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Luke Woloszyn, David L. Sheinberg; No lateral-vertical asymmetry in the processing of mirror images in the monkey. Journal of Vision 2006;6(6):17. doi: 10.1167/6.6.17.
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© ARVO (1962-2015); The Authors (2016-present)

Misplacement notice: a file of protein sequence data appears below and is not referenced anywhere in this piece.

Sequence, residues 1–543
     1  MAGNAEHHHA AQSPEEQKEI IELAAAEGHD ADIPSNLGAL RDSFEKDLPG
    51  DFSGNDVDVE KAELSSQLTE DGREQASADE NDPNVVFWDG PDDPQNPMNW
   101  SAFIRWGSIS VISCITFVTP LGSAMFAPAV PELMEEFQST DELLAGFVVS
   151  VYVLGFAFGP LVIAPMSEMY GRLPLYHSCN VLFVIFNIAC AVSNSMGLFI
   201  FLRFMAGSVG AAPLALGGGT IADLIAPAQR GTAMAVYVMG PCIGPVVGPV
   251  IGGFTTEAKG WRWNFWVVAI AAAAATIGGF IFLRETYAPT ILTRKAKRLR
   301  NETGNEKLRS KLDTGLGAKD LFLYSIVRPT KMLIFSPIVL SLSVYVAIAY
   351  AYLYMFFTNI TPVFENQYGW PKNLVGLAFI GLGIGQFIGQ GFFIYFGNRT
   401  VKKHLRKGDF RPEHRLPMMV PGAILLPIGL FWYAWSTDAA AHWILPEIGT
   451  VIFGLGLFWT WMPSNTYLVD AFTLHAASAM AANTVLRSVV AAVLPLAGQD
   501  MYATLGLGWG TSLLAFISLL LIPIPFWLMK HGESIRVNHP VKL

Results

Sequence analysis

Mirror image confusion refers to the phenomenon whereby views of visual objects reflected about a central axis are easily confused. Behavioral studies in various animal species have led to the conclusion that lateral mirror images are inherently more confusable than vertical mirror images. None of these studies, however, used large batteries of complex, unfamiliar visual patterns as test stimuli. In this study we trained two monkeys to perform a delayed match-to-sample task in which the non-match item was sometimes either a lateral or vertical mirror reflection of the sample. To eliminate any contribution of prior experience, we developed a stimulus generation method that ensured that novel objects containing no axis of symmetry could be used on a trial-by-trial basis. Across a large number of test sessions, we found no evidence that monkeys are more likely to confuse horizontally reflected mirror images than their vertical mirror image counterparts. This trend was seen throughout many days of experimental testing, during which both monkeys showed steady overall task improvement. We attribute the lack of exaggerated lateral versus vertical mirror image confusion to the use of both novel and complex stimuli, and suggest that previously observed biases in mirror image confusion are likely a result of either attention or experience, but not inherent perceptual biases.
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